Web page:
Lucas Cranach the Elder

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Lucas Cranach the Elder
The seductive nudes of Cranach

Venus Standing in a Landscape

Oil on wood, 380 x 255 cm
Musee du Louvre, Paris

Lucas Cranach the Elder (1472-1553), born one year after Durer, is as self-determined as Durer but without his spiritual concentration. From an early stage in his career, Cranach was able to obtain copies of Duurer's woodcut prints, and his familiarity with these was to have lasting influence on his painting, with its sharp definition and brilliant color.
Cranach was almost two painters in one - artistically schizophrenic, as it were. His most popular works are the decidedly seductive nudes with which he delighted his aristocratic patrons. These coy creatures have the rare distinction of fitting in with modern tastes, being slender, free-spirited, and even kinky. They have a sort of refined sexuality, but it is also cold and teasing: we are tempted to think that Cranach did not really care for women and may even have feared them. His Nymph of the Spring has hung up her hunting arrows, but the presence of a pair of partridges (birds of Venus) suggests that it is the human heart that she hunts. A distinctly diaphanous wisp of silk draws attention to her loins by "covering" them, she wears her jewelry provocatively, and she is clearly only pretending to be asleep, propped up on the thick, sensual velvet of her dress. She sprawls before us, part of the landscape and in a sense its essence. A Latin inscription on the upper left reminds us that this is a nymph of a sacred fountain. She is not a secular image, despite her alluring nakedness. We are warned not to break, not to shatter her holy slumbers. Love, Cranach is telling us, is something we have to approach with delicate reverence. A meaningful landscape surrounds her. Close by is the mysterious, symbolic cave in the rock - again, an image of sacred sexual symbolism, the female hollow. Beyond that there is the world of commerce and battle, church and family, in which the sacred realities of sex are played out in actual life.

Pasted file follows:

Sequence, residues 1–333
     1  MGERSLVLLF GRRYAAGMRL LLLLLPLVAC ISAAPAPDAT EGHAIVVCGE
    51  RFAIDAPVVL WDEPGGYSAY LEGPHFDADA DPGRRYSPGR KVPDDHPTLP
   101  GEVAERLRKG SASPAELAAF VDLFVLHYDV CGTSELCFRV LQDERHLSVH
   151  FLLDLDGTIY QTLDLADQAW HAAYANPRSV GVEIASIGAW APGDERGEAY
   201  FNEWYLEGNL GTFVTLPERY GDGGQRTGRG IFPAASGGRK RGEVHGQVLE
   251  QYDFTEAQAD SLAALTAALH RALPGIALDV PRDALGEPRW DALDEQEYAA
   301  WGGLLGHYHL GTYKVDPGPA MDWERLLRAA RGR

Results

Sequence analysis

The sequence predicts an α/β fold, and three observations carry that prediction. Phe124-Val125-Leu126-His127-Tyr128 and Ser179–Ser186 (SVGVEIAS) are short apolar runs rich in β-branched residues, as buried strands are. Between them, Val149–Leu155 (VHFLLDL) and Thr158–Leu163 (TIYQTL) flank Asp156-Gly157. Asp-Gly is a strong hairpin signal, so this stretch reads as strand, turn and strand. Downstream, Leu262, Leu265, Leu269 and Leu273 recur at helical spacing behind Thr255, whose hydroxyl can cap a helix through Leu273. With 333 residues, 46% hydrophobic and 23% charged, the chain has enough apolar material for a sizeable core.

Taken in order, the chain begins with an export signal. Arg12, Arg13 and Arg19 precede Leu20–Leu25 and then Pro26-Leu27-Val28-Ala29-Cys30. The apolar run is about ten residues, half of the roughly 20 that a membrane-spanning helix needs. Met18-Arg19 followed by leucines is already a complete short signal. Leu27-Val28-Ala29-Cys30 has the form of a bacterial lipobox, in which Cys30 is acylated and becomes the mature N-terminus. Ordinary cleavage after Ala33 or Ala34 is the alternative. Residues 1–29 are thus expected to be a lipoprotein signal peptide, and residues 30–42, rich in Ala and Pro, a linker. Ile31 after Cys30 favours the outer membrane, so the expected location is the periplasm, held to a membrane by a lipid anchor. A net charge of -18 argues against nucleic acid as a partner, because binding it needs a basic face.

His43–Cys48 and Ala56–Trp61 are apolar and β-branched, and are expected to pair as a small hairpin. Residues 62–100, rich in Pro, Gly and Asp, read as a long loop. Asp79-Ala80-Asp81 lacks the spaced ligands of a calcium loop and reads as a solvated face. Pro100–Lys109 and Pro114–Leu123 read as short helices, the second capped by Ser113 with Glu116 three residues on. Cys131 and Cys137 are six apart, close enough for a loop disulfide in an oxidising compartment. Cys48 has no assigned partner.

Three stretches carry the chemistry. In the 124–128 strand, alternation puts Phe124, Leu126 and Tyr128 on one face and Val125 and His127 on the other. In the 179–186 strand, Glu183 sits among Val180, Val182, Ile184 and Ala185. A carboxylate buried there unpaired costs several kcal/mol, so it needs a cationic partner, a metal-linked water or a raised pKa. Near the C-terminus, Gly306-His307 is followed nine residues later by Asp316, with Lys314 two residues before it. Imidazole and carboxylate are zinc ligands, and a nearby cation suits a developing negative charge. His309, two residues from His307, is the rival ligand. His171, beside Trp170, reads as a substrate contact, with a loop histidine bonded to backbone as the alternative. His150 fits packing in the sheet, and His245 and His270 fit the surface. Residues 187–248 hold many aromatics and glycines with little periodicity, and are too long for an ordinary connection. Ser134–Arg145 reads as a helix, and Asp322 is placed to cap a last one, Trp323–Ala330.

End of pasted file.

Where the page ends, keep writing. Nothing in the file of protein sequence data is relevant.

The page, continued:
Sister Wendy

Venus wears only an elaborately jewelled hairnet and necklaces. She is coyly holding a diaphanous veil and looks out seductively at the viewer. Her body is idealized, perhaps because artists at this time rarely used live female models. Nude women were not often shown unless they appeared in a narrative scene or as mythical goddesses. Cranach seems to have ignored the Classical spirit of the dav, and for this reason his nudes sometimes seem almost primitive. The choice of a mythological rather than a religious subject for this picture may have been because the patron was Protestant. We know little about Cranach other than that his influence in Protestant Germany was widespread. He seemed to appear suddenly, and produced his best work early in his long career, thereafter leading the easy life of a Court painter. He is called Lucas the Elder because he was the first in a dvnastv of artists who carried on his traditions and style.



Nymph of the Spring


Nymph of the Spring


The Nymph of the Fountain
Walker Art Gallery, Liverpool


Reclining River Nymph at the Fountain
Oil on wood, 59 x 92 cm
Museum der Bildenden Künste, Leipzig



Venus and Cupid
Oil on canvas transferred from wood, 213 x 102 cm
The Hermitage, St. Petersburg

The Judgment of Paris
Limewood, 43 x 32,2 cm
Wallraf-Richartz Museum, Cologne


c. 1524
Lime panel
Alte Pinakothek, Munich

Adam and Eve
Wood, 47 x 35 cm
Staatliche Museen, Berlin

Adam and Eve
c. 1538
National Gallery, Prague

Adam and Eve

The Three Graces
Oil on wood, 50,5 x 35,7 cm
Nelson-Atkins Museum of Art, Kansas City

Cupid Complaining to Venus
Oil on wood, 81,3 x 54,6 cm
National Gallery, London


Oil on panel, 50 x 34 cm
Koninklijk Museum voor Schone Kunsten, Antwerp

Venus and Cupid
Oil on canvas, 176 x 80 cm
Musées Royaux des Beaux-Arts, Brussels

Venus and Cupid with a Honeycomb
c. 1531
Oil on canvas
Galleria Borghese, Rome




The Fountain of Youth
Lime panel, 122,5 x 186,5 cm
Staatliche Museen, Berlin


The Golden Age
Wood, 73 x 105 cm
Alte Pinakothek, Munich